Building a bridge

The front of bridge consoles undergoing a Factory Acceptance Test in Norway in November.
The front of bridge consoles undergoing a Factory Acceptance Test in Norway in November. At the front right of the image are consoles for the Seapath 380 and dynamic positioning system. At the back on the left is the console that controls internal lighting, the drop keels and a sonar display. (Photo: Mike Jackson)
A paper version of the Nuyina bridge, mocked up with instruments printed to scale and mounted at the same height and distance as they would appear on the ship.The central conning (driving) console.A 1:1 scale mock-up on paper of the central conning console.  These port-side consoles contain the ship’s lights (left), controls for the drop keel (centre) and the sonar display. On the far right is the stand-alone pilot’s console.The ship’s dynamic positioning system console.The Seapath 380 console provides positional information (roll, pitch and heading) to scientific instruments to allow them to adjust for ship movement.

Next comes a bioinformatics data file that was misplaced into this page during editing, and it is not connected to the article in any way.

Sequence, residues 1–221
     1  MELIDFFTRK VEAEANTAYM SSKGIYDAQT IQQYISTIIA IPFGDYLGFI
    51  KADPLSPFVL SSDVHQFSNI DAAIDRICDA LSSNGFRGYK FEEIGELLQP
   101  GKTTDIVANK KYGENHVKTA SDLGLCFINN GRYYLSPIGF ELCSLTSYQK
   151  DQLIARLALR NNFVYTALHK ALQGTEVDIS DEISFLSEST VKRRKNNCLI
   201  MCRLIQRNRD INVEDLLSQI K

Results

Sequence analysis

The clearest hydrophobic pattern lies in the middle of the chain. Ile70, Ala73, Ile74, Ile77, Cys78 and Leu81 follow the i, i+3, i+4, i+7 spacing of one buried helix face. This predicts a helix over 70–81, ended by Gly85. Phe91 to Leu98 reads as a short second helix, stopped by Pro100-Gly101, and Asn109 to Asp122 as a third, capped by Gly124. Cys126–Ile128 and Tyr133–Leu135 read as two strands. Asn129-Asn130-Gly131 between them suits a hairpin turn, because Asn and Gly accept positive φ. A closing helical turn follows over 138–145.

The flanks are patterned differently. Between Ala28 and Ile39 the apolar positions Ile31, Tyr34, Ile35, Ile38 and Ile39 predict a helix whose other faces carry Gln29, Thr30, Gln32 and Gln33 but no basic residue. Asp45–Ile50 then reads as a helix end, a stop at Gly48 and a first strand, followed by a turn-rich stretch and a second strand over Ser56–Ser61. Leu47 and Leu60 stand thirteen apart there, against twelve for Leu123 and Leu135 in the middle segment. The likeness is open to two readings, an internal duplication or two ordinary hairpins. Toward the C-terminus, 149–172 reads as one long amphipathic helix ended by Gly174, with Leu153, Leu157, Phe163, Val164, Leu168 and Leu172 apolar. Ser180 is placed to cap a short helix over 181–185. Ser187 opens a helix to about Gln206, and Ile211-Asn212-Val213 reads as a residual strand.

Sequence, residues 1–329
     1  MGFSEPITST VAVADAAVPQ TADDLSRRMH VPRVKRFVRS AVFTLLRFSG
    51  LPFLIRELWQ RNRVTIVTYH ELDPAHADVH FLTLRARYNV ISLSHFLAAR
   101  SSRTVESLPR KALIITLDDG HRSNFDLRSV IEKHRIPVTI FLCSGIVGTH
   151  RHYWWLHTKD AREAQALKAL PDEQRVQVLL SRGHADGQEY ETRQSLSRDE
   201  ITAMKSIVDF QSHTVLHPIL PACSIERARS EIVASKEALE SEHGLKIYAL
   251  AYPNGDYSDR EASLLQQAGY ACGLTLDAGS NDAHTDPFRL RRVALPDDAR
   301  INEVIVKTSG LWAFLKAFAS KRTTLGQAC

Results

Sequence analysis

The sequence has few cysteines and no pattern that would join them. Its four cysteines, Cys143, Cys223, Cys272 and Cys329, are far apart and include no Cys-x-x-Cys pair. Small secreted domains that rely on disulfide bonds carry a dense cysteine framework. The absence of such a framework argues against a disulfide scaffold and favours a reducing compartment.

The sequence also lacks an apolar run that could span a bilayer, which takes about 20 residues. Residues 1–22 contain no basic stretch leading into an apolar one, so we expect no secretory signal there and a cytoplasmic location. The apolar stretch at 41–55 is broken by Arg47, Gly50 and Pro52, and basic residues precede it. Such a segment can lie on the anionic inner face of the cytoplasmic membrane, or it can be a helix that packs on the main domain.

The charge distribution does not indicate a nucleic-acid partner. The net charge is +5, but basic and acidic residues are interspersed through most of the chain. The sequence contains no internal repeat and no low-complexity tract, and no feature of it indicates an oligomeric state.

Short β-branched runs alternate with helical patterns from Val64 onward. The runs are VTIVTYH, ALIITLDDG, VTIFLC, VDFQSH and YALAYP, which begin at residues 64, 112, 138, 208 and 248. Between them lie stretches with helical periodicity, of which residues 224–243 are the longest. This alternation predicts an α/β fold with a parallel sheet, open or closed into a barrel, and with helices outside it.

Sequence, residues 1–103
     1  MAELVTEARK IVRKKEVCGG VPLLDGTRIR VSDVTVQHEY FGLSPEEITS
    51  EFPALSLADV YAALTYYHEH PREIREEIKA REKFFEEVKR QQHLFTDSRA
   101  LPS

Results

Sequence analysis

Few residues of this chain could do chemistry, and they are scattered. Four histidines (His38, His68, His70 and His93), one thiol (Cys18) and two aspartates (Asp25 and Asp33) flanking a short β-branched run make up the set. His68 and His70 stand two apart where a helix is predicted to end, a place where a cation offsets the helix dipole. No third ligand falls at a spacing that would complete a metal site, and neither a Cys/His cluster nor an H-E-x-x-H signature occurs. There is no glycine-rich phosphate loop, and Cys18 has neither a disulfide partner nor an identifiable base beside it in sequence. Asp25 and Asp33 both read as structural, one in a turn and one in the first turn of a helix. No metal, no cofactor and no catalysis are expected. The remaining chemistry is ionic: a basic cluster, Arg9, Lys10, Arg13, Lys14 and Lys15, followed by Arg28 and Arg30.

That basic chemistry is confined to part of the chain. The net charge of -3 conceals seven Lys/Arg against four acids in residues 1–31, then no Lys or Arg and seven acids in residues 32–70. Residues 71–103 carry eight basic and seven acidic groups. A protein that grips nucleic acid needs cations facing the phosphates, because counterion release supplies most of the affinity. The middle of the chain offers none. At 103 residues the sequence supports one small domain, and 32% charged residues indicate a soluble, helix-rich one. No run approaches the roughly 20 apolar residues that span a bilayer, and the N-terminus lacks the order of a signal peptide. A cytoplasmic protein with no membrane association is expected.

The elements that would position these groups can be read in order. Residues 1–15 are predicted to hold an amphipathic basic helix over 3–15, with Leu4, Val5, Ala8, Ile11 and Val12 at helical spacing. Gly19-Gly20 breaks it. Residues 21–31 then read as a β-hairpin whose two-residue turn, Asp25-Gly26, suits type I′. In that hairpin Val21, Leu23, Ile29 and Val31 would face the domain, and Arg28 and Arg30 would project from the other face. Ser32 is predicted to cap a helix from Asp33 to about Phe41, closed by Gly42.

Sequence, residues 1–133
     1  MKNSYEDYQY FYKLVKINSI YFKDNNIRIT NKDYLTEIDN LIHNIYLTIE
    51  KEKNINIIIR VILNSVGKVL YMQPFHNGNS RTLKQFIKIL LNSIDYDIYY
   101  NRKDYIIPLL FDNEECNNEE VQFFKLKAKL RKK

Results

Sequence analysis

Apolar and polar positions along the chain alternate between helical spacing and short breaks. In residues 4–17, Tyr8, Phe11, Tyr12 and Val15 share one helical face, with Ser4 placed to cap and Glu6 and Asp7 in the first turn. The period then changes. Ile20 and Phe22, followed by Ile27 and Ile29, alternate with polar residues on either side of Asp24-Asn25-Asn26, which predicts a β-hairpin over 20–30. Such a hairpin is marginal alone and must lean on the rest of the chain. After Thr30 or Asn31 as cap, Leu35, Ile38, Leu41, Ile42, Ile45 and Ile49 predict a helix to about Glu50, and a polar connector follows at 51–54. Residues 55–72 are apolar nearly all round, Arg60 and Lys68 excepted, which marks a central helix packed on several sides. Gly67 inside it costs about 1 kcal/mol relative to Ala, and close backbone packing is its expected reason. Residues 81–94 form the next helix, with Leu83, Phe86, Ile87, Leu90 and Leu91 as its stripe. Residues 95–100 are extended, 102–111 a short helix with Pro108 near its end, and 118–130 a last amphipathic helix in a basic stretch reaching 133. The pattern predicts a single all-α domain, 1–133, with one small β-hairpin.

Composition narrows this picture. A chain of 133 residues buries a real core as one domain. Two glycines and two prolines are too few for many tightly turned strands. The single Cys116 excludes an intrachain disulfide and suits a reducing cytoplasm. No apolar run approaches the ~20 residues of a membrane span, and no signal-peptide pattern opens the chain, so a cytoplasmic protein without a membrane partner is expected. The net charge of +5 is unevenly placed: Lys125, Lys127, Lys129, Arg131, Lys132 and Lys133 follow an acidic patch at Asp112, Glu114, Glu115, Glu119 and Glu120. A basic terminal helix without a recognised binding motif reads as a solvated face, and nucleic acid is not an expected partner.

The bridge of Antarctic icebreaker RSV Nuyina has come a long way from a scale model on paper to a final functional design boasting cutting-edge technology.

Just as ‘form follows function’ in modern industrial design, function is a key design driver on the bridge of the Nuyina, and critical to the vessel’s efficient and safe operation.

So who better to apply this design principle than former ship Captain and Australian Antarctic Division Icebreaker Project Officer, Mike Jackson, and former Captain of Australia’s current icebreaker Aurora Australis, Scott Laughlin.